Governor: keep tough meth rules on the books

SALEM, Ore. (AP) – Citing a reduction in meth lab seizures, Gov. Ted Kulongoski urged the state Board of Pharmacy to approve permanent rules to keep certain cold medicines away from methamphetamine cooks.

At Kulongoski’s request, the board last October passed temporary rules to tighten consumer access to cold pills that can be used to make meth.

Appearing before the board Monday, Kulongoski said the rules appear to have brought about a 50 percent reduction in the number of small meth labs around Oregon.

He cited Oregon State Police figures showing that the number of meth lab busts has declined from an average of 40 a month prior to adoption of the rule to about 20 a month since then.

That mirrors a reduction in meth lab seizures reported by police in Oklahoma, the first state to adopt the restriction on cold medicine sales, Kulongoski noted.

"It means our neighborhoods have less toxic waste littering our streets and streams," he said. "And most importantly, it means we have fewer children being exposed to the production of this poisonous drug."

Under the temporary rules adopted in October, consumers must show picture identification to purchase cold medications containing pseudoephedrine, a key ingredient for cooking up methamphetamine.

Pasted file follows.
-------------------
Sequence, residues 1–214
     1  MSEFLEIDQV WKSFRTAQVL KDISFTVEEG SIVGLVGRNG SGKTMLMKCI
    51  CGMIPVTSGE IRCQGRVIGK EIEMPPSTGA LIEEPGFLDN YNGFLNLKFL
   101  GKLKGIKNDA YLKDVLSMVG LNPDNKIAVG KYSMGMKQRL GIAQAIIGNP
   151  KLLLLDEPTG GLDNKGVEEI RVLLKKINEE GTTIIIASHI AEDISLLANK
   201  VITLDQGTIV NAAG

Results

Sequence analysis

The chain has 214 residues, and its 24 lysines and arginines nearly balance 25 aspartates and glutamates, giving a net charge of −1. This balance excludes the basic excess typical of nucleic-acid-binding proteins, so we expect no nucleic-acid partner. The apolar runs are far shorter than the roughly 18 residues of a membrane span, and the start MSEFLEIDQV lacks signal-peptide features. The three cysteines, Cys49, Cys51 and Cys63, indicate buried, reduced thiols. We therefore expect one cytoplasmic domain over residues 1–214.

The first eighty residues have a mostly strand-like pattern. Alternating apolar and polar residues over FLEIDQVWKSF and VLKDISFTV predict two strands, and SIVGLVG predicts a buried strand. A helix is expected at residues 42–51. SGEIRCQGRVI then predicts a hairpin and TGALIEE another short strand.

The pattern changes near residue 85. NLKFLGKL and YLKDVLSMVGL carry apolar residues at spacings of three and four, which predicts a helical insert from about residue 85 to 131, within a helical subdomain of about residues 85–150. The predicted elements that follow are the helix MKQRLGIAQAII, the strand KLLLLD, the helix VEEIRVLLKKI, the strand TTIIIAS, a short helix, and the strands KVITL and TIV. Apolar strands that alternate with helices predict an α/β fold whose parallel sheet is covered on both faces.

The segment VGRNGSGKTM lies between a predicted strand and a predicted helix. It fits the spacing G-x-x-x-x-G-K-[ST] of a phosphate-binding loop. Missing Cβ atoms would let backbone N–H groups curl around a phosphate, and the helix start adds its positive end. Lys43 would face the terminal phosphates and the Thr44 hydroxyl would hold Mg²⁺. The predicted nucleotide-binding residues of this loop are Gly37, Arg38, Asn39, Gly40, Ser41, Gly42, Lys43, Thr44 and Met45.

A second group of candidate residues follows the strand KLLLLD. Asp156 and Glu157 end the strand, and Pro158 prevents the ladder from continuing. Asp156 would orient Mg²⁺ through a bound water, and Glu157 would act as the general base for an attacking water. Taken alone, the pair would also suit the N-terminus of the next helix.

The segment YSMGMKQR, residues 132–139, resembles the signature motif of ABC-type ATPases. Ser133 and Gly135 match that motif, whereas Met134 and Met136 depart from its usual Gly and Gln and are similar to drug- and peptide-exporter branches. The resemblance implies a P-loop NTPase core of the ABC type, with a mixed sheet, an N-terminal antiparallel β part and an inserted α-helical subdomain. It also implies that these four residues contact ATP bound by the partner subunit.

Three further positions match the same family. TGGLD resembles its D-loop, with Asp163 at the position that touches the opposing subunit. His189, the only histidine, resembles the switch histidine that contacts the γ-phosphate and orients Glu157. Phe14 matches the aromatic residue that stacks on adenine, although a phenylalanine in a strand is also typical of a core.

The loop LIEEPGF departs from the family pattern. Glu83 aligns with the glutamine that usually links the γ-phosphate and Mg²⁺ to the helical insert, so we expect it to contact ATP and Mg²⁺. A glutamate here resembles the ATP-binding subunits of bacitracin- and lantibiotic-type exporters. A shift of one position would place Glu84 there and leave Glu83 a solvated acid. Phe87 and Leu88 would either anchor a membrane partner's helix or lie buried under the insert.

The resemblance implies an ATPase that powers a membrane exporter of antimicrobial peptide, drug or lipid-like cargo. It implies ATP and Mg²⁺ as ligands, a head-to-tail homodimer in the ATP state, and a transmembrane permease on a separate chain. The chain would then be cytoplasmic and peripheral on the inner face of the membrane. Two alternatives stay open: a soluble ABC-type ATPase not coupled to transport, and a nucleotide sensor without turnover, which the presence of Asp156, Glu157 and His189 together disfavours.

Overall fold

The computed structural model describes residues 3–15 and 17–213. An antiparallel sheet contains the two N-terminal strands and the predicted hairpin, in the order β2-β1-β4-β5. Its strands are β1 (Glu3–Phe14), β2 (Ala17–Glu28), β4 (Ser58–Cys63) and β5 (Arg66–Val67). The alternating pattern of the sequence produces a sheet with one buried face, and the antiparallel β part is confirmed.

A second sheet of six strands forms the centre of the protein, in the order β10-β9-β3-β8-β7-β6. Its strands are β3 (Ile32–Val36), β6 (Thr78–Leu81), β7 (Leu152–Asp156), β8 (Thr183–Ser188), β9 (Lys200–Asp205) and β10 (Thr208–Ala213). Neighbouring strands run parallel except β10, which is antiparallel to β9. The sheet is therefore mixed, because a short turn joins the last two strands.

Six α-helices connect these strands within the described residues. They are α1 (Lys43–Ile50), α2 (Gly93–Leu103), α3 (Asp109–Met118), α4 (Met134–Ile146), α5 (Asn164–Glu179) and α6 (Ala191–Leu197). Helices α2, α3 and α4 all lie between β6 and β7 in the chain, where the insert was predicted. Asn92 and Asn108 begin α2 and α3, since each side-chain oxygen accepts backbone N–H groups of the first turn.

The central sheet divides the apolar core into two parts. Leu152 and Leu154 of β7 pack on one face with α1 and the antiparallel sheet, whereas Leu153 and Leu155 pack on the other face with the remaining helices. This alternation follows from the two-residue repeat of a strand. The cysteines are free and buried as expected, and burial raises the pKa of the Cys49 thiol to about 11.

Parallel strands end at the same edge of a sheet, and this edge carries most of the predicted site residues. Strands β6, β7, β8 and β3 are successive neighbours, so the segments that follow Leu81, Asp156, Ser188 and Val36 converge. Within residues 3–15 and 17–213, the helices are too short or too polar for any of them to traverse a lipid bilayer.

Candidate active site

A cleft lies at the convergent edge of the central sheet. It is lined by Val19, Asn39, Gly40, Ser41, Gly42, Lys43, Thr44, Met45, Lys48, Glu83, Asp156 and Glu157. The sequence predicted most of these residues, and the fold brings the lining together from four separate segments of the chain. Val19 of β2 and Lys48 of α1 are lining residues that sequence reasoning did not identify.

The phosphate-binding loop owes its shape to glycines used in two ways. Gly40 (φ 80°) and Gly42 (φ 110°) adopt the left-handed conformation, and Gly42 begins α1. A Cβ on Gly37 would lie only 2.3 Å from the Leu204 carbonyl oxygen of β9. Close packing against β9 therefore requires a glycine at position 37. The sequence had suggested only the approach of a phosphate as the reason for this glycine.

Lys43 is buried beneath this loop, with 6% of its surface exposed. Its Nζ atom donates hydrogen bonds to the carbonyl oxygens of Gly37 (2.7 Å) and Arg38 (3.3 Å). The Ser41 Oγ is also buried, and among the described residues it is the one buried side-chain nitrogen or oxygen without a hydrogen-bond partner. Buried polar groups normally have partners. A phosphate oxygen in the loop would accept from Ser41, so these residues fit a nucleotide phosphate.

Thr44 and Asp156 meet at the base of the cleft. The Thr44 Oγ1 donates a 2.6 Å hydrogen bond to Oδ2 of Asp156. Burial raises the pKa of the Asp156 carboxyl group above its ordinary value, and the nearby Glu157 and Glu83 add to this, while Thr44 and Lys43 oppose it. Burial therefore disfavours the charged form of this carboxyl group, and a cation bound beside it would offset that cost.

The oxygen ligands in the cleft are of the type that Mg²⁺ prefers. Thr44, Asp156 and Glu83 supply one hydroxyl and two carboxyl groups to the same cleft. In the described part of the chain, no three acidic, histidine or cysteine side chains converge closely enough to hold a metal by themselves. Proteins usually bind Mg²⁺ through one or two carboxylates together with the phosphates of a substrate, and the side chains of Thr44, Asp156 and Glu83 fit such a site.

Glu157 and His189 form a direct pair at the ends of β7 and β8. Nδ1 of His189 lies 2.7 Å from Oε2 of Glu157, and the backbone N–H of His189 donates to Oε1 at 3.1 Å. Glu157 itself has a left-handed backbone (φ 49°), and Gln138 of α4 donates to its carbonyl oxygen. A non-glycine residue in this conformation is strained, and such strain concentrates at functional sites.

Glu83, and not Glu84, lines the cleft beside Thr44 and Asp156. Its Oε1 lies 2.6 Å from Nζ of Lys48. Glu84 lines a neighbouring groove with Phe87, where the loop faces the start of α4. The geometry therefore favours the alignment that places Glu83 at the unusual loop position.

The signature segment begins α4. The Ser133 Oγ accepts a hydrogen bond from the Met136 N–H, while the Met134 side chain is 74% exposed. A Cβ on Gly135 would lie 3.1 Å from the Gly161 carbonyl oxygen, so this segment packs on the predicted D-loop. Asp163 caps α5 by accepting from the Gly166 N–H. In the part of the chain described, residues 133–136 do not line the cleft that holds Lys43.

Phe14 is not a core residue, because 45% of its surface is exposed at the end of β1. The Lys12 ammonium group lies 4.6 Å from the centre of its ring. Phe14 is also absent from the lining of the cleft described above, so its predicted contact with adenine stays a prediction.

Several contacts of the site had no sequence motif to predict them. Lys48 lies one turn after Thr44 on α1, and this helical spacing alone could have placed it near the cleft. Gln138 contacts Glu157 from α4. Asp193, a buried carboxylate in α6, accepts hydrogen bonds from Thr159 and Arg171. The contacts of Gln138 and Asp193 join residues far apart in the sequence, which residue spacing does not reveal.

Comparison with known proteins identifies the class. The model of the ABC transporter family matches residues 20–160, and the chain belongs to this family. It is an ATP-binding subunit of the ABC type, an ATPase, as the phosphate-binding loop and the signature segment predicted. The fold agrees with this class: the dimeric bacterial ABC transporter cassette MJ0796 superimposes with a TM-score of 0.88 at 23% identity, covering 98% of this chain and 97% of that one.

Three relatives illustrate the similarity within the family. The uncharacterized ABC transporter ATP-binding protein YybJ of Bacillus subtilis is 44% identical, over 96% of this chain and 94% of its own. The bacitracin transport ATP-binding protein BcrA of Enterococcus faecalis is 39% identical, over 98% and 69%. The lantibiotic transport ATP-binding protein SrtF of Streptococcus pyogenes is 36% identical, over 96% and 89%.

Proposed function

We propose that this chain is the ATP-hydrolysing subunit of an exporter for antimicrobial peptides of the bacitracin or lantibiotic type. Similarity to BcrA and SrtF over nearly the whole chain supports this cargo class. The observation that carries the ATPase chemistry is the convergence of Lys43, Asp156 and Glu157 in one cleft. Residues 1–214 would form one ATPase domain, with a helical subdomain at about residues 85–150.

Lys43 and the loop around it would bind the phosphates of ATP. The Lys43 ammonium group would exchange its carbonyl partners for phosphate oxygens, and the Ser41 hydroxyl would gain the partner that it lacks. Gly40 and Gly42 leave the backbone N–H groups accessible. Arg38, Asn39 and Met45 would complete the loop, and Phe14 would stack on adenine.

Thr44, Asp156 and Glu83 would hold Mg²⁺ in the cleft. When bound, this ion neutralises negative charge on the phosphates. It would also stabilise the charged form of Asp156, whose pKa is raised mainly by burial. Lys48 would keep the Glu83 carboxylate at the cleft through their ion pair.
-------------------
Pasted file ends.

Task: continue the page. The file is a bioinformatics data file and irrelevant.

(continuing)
Kulongoski on Monday urged the board to adopt permanent rules to require pharmacists to collect the identities of those who purchase solid forms of pseudoephedrine, and enter the information into an electronic database. The board is scheduled to vote on the change Wednesday.

Keeping a log of customers who purchase the cold medications will help law enforcement agencies "identify suspicious behavior, such as purchasing pseudoephedrine products in amounts that far exceed the need of a citizen with a common cold or allergies," he said.

However, a representative of chain drug stores expressed doubt about that proposed requirement, saying it’s not clear how that information will be used to fight meth.

The proposed requirement contains no provision for the information on those customer logs to be checked by law enforcement authorities or shared by the various stores.